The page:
> http://www.apples-to-oranges.com
>
--
Donna Maurer
Maadmob Interaction Design

e: donna at maadmob.net
work: http://maadmob.com.au/
blog: http://maadmob.net/donna/blog/
AOL IM: maadmob

17 Sep 2005 - 7:18am
Dave Malouf
2005

> Did you see the 'Quick Look' on each image?
>
> I don't know how to tell what it AJAX and what isn't but this
> would get my guess ;)

Donna, you are right. This is the only thing that I saw that could possibly
fit the bill. I don't know what all the fuss was about, and I didn't see
anything reminiscent of boo.com at all. That site rocked compared to this.
But that's a different story.

But let's give a little lesson in detecting AJAX.
For the most part it is all about the blink, or the level of blink. No blink
or blinks so fast that it couldn't be based on a server call, then there is
possibly some AJAX to think about here. But that by itself is not really
enough. What is necessary to truly be AJAX is to think that the client had
to go back to the server for more information without having to blink the
page. So the question you have to ask is whether the "quick look"
information was downloaded with the original list of options, or was it a
get from the server into that new DHTML window. If the latter it is AJAX, if
the former it is just a good DHTML solution.

The reason I think its AJAX is that the initial list loaded pretty fast
which would indicate that they didn't also download a whole lot of
information all at once. And here is the key indicator. On Firefox, on
clicking "quick look" my tab indicated that it was going to the server by
indicating "loading" or some such thing. That is the clincher!

The next AJAX I found is when you from "quick view" click "add to bag" or
whatever the "cart" is called. It submitted it to the server without the
"blink" and then closed the DHTML windows and then opened my bag to see it.

I think the "quick view" is great and it works for me. I think though as a
designer (and I'm not the target at all, as I don't like to buy clothes
online) I feel it looks like a kitchy idea in the context of the rest of the
site. I feel let down that the rest of the site is not as well integrated
and fluid as that one area of experience. The navigation is very harsh,
where I have to click "men" a lot to get back to where I was and then
navigate forward again (if I refuse to use the back button).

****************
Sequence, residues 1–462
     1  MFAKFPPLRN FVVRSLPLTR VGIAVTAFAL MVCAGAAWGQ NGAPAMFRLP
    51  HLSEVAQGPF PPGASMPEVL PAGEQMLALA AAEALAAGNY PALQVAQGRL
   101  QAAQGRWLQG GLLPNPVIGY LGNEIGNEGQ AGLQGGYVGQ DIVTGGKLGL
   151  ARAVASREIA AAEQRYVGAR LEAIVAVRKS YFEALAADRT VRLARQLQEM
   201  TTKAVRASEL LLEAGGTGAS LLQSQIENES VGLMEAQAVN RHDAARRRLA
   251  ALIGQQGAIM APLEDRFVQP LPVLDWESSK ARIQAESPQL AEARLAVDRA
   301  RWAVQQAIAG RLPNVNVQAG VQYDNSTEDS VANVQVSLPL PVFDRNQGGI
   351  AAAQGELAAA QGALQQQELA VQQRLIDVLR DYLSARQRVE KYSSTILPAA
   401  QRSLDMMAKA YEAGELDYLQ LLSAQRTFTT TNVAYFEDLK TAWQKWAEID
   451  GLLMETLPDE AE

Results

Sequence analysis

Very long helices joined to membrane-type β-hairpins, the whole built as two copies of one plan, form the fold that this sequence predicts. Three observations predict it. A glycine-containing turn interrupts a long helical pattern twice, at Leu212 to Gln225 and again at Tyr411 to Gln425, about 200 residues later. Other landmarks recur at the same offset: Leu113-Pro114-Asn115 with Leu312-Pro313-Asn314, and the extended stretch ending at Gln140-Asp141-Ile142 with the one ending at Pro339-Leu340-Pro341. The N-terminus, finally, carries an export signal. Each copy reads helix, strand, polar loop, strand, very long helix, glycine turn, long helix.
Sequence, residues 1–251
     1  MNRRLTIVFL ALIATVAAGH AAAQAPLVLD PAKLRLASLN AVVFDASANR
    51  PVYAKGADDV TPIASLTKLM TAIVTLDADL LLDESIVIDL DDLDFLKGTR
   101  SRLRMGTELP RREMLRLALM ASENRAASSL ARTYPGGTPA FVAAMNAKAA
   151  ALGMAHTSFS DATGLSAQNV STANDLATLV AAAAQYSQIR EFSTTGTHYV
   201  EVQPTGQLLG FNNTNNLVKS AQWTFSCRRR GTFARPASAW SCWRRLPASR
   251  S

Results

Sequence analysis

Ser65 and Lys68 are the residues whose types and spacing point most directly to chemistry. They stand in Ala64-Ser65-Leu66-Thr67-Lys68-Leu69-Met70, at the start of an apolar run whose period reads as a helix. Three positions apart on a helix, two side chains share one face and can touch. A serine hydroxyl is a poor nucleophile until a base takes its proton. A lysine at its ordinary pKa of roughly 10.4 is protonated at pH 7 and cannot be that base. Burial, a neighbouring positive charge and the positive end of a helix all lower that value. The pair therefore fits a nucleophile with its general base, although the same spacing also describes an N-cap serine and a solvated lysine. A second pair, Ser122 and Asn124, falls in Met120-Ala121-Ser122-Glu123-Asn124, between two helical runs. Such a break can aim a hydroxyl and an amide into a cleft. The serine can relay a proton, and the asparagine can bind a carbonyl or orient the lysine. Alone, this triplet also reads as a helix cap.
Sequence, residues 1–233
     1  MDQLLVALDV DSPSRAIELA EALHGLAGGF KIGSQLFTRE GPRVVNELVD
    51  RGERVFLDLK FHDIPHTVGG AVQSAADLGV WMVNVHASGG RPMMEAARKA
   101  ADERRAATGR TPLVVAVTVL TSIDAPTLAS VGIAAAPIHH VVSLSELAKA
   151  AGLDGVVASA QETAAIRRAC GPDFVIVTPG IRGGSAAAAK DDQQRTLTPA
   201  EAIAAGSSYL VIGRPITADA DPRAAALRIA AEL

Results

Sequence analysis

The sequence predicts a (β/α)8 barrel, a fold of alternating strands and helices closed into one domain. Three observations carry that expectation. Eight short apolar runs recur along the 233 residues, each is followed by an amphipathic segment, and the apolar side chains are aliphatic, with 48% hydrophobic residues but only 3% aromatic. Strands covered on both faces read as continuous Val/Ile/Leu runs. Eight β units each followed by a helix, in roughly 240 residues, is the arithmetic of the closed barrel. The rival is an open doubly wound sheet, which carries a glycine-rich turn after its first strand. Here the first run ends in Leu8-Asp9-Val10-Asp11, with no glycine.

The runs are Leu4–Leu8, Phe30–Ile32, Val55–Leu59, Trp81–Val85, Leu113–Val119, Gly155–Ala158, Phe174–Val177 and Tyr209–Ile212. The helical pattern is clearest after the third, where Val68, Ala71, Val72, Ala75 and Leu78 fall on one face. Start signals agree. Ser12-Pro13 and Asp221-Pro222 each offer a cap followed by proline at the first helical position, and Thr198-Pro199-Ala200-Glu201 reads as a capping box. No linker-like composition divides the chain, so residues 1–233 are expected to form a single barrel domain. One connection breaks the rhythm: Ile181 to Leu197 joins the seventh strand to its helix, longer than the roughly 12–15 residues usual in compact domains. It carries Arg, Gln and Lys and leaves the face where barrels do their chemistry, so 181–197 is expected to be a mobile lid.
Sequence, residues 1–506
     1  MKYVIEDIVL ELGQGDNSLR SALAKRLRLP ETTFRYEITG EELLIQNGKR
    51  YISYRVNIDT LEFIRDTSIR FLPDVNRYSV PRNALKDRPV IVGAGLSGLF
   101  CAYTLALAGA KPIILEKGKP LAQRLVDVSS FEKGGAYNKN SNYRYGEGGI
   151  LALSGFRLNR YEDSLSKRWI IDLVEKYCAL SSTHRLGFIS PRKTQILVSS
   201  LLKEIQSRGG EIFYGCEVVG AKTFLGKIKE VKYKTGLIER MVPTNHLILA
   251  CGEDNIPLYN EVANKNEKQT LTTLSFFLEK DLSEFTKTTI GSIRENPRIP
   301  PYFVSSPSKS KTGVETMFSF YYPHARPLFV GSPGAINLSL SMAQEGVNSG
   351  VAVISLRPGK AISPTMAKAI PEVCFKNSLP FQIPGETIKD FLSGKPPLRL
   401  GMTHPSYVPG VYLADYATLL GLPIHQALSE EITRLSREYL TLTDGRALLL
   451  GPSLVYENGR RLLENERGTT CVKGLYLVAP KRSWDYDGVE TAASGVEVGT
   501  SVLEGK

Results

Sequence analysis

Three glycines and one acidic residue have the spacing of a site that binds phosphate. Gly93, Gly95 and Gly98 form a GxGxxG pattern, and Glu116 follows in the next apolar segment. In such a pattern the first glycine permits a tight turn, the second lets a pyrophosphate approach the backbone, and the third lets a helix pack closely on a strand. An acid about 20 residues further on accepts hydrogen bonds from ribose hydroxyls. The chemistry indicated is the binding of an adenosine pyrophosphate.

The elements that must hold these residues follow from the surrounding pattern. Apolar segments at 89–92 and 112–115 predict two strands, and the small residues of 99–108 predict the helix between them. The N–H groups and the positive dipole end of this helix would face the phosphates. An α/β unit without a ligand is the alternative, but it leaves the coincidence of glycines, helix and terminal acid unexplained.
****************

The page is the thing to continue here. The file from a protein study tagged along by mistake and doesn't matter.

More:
But the "quick view" is nicely done. Something that would have been nice is
when you close the "quick view" they indicate what you are closing to, with
an animation on the item you just "closed". I think it would have been good
to have a similar animation on opening the "quick view"; thus, completing
the explerience.

-- dave

18 Sep 2005 - 4:02pm
Ryan Nichols
2005

Ahhh. You know what? I didn't even know that was a button. I thought
quick look was just some little roll-over effect. I rolled my mouse over
the top part, and the 'quick look' was at the bottom. I just clicked the
image at the top and was taken to a basic detail page.

Quick brainstorm...

If I missed it, I'm sure many others would too. Anyone have any ideas as
to how to improve that?

Ryan Nichols
Apples To Oranges
http://www.apples-to-oranges.com

David Heller wrote:

>[Please voluntarily trim replies to include only relevant quoted material.]
>
>
>
>>Did you see the 'Quick Look' on each image?
>>
>>I don't know how to tell what it AJAX and what isn't but this
>>would get my guess ;)
>>
>>
>
>Donna, you are right. This is the only thing that I saw that could possibly
>fit the bill. I don't know what all the fuss was about, and I didn't see
>anything reminiscent of boo.com at all. That site rocked compared to this.
>But that's a different story.
>
>But let's give a little lesson in detecting AJAX.
>For the most part it is all about the blink, or the level of blink. No blink
>or blinks so fast that it couldn't be based on a server call, then there is
>possibly some AJAX to think about here. But that by itself is not really
>enough. What is necessary to truly be AJAX is to think that the client had
>to go back to the server for more information without having to blink the
>page. So the question you have to ask is whether the "quick look"
>information was downloaded with the original list of options, or was it a
>get from the server into that new DHTML window. If the latter it is AJAX, if